“Really, Granddad?” is a collection of fifty very short, highly entertaining, positive stories for twelve years old to adults and seniors. This book chronicles the arc of a mischievous little boy to a young man of ethics, and celebrates the power and beauty of family love across the generations.
The stories take place across Canada and in Europe back in the 1950s, 1960s and 1970s. Wayne worked for the U of A during the 1970s and has several eventful stories about travelling and working in the Canadian Arctic for the study of the Aurora Borealis.
Full details about the book and most reviews can be found at the secure website: www.waynesherrardbooks.com
The following Kirkus Review gives a detailed review of the book:
In this debut short story collection, a Canadian grandfather offers 50 family anecdotes.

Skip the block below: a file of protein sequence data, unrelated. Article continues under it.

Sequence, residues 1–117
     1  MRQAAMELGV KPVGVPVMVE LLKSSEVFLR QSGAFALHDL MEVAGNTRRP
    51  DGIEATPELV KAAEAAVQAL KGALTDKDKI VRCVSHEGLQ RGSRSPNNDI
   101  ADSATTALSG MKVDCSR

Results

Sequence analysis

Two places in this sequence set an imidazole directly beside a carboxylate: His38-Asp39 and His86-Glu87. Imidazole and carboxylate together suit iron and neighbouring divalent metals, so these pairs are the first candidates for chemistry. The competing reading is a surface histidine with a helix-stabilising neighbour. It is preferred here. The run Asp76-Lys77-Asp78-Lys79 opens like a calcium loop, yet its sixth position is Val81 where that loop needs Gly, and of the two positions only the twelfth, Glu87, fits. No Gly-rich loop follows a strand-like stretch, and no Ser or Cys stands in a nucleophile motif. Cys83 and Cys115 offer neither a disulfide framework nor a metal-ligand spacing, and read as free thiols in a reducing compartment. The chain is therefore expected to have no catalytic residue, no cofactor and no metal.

Spanning the 1950s through the early ‘70s, this heartwarming assemblage of memories stars the author himself – as a loveable but often mischievous boy – who ultimately matures into a responsible young man. Growing up in a military family, he had to relocate quite a bit, so these incidents take place in several rural Canadian locations – like Greenwood, Nova Scotia – as well as Marville, France. The stories are framed by italicized conversations between Sherrard and his granddaughter, Claire, whose love for hearing about Grandad’s life inspired him to write it down. Told with a friendly voice and easy-flowing, first-person prose, these anecdotes mostly conclude with a positive, uplifting moral. For example, during visits to his grandparents’ farm at haying time, the author learned the value of a work ethic. After disobeying a parent led to his sister’s getting injured, he realized that honesty was always the best policy. He also paints some touching portraits of colorful family members, like grandma Nanny, who doggedly taught him to read after a teacher had given up hope. Then there was his tough-as-nails father, who had a gentle side, too – he once bravely saved a skunk whose head was trapped in a glass jar. Even though this energetic compilation can be corny (there are plenty of winks and grins in Granddad and Claire’s conversations), many nostalgia lovers will enjoy Sherrard’s homespun humor and familiar situations. Who hasn’t heard a tale about a silly boy sticking his tongue on a freezing metal railing? And many people know how pesty – and ridiculously funny – those doggone gophers can be, especially when one chases the family dog. Complete with cute sketches by Dewitt and black-and-white family photographs, these mostly cheerful vignettes feel as comforting as old Reader’s Digest stories about glory days on the farm.